Guest post: Shooting products with Nikon tilt lenses

Hello, I’m Henk van Mierlo from I’d like to share with you why I use Nikon tilt lenses for product shoots. The most well known tilt lens is the PC-E Micro Nikkor, but there are also some less known and more affordable options. I’ll tell you in detail the (dis)advantages of these.

Why use tilt lenses?

I regularly shoot jewelry for clients. Necklaces can sometimes look very thin when shot from above. So I tend to shoot these images from a lower angle, which also looks a bit more dynamic (click on images for larger view).

AF Micro Nikkor 105 mm 1:2.8D at f /8.0

AF Micro Nikkor 105 mm 1:2.8D at f /8.0

At this small size you might not notice it directly, but at aperture 8 the back of the necklace is blurred due to DOF. I quickly experienced that 90% of my clients want EVERYTHING sharp. The most logical thing to do would be to close the aperture as much as possible. However, above F /8 ‘diffraction’ starts kicking in, causing the image to loose sharpness overall.

Below is a 100% view of the necklace. Left the rear piece, right the front:

Firstly, the rear piece never gets really sharp. Secondly, the front clearly loses sharpness with increasing aperture. No problem if you print at 10x15, but for serious enlargements, this is an issue. I’ve met serious photographers using pro cameras and taking images at aperture 32, so “everything will be as sharp as possible”. As you can see in the image above, at aperture 32 you could just as easy shoot at 6 MP, making a 24 MP sensor useless!

Using a tilt lens

With the PC-E Micro Nikkor tilt lens you can rotate the ‘plane of focus’ (the Scheimpflug principle). In short, you need to tilt the lens towards the table where the necklace is. If you rotate it halfway the plane of focus will be horizontal, so everything will be sharp, even at aperture 8!

The only limitation of this lens is the maximum tilt angle of 8,5 degrees. This prohibits you from taking images at a really sharp angle. The image above is the max.

Cheapskate tilt lenses

This is the second hand Nikon Bellows PB – 4 I bought through Ebay. It’s not made anymore and that’s a pity. As far as I know it’s the only bellows with a rotatable front. The lens is a second hand enlarger lens, the EL Nikkor 135 mm 5.6. You can get this complete set for 150-250 dollars.

When you put a regular 50mm lens on the bellows, it functions as a macro lens. But if you put an enlargement lens on it, it’s usable at infinity! I used a Nikkor lens, but you could use other brands as well (I also use an excellent Rodagon). It’s easy to find these lenses since a lot of people want to get rid of their darkroom.

With the 135 mm lens you can focus up to infinity, with the 50 mm you can’t. For product photography a 100 mm would be ideal.

Attaching the enlarger lens

Enlarger lenses use a thread, so you need a converter. You can buy these, but you can just as easy make one yourself from a body cap.

I cut a hole with a drill, but had to use some tape because it did not fit tightly enough.

Placing it on your camera

Normal placement for macro photography:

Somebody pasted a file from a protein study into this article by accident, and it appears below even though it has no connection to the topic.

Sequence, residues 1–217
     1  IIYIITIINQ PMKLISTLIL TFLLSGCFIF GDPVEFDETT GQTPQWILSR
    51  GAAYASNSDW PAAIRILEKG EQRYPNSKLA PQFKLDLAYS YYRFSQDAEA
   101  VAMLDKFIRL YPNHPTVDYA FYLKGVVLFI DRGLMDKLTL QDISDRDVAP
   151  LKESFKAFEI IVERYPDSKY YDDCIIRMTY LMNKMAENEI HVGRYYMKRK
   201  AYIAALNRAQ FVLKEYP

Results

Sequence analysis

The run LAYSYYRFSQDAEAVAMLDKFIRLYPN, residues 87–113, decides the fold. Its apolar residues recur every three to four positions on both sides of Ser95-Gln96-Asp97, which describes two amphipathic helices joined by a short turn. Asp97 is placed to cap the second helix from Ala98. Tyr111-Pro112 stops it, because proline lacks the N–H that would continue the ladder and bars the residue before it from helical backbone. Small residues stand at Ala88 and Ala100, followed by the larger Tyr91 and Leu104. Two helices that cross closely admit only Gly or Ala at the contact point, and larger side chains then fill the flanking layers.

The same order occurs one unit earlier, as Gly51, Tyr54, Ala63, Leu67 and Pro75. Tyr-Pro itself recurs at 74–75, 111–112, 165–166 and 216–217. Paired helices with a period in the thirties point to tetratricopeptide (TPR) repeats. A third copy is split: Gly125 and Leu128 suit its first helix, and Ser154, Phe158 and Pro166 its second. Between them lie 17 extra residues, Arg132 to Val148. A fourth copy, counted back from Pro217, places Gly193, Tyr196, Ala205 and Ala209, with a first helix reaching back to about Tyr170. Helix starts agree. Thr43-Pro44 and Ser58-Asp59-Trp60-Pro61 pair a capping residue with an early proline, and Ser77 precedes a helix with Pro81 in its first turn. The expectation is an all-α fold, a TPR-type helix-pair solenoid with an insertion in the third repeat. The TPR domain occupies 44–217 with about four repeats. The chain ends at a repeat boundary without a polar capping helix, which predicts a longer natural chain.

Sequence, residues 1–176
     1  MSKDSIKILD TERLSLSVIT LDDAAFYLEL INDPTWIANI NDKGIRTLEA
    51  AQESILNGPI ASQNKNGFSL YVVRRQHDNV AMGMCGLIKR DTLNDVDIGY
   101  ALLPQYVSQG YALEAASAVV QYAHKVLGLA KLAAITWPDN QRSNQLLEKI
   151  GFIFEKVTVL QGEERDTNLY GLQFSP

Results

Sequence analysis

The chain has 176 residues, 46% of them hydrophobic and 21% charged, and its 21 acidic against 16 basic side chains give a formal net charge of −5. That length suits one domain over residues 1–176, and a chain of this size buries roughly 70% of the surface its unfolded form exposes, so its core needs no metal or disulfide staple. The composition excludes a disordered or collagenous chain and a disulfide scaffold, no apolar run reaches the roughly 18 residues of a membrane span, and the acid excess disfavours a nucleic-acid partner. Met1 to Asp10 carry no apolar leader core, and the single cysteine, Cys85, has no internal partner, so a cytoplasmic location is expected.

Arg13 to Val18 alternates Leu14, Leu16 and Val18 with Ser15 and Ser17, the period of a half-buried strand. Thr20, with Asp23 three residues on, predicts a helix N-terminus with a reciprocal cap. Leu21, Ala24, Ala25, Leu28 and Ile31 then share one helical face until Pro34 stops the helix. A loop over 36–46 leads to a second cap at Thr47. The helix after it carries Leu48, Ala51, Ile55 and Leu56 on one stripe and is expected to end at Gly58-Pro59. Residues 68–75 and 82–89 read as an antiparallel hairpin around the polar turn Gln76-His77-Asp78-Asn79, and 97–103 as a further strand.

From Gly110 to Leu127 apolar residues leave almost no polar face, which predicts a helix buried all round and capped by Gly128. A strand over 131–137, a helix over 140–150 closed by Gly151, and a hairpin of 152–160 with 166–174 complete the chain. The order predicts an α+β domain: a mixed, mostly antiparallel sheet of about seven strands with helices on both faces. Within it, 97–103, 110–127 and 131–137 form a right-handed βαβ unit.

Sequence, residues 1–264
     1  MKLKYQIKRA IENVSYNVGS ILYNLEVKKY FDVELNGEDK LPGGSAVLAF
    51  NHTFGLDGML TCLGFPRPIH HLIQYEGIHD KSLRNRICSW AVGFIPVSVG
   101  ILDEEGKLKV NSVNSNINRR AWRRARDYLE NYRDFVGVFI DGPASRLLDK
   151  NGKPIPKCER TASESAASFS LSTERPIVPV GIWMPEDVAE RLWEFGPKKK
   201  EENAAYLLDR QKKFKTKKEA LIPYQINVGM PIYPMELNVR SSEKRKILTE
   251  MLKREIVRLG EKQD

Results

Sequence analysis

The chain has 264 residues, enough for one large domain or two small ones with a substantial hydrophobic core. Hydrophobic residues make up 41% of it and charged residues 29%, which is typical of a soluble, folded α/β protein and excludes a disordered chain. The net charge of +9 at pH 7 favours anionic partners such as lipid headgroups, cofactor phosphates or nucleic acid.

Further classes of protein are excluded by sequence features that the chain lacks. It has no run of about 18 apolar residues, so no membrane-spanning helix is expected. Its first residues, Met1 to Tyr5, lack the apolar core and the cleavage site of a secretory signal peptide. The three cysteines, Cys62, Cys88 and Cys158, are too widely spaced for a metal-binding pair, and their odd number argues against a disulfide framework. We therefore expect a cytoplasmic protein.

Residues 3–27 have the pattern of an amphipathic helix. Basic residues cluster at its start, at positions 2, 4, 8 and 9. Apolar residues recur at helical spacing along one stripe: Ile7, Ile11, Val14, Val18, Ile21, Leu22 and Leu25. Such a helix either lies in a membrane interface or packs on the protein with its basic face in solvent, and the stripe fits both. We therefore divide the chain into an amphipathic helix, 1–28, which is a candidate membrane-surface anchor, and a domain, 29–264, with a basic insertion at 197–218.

The front plate can only be tilted from left to right, so if you want to tilt it to a horizontal plane, you need to rotate the complete bellows:

Taking images

You do need some patience to work with this setup. It took me a minute to find the right angle with the PC-E lens, with the bellow it took me ten minutes and a lot of zooming in live view to check if the angle was correct. That’s mainly because there is no fine tuning possible with the bellows. Also, it’s completely manual (of course). No measurements whatsoever.

Results with Bellows PB-4

Not only is this setup about 85% cheaper, the front can be rotated a lot further the the PC-E lens:

This allows you to make super low angle shots at aperture 8, and still have everything in focus:


Clearly, The PC-E Nikkor lens produces absolutely sharp images. The PB-4 comes very close, but gets a bit fuzzy in the rear end of the necklace. I guess that’s because the enlarger lens was not designed to be super sharp in the corners as well. Maybe other lenses, designed for technical cameras, can perform better there. I have one, but it’s too big to fit on the Bellows.

The Hartblei tilt adapter

I bought this adapter directly from In short, I think it’s useless.

On the site it says: “macro, doesn't allow to focus on infinity”. Indeed, when you place a 50 mm lens on it, you can’t get much further then about 30 cm. This makes it only useful for small object like rings. But then you’re also stuck with a fixed angle. And when you attach an AF lens on it, it doesn’t really fit well. It’s also very hard to get it loose again. So there is a real danger you damage your lens or camera. Older MF lenses fit better.


I’m quite happy with both the PC-E lens and the PCB-4 bellows and use them both regularly, If I’m in a hurry and want to get excellent results the PC-E lens works best. The worst limitation is the limited tilt angle of 8,5 degrees.

When I have time and want a more creative shot I prefer to use the bellows PB-4. It produces excellent results too, but you need to keep an eye on the sharpness at the end of the image frame, especially as the angle gets sharper. I suppose the main reason for limiting the tilt angle with the newer lenses is precisely this loss of sharpness.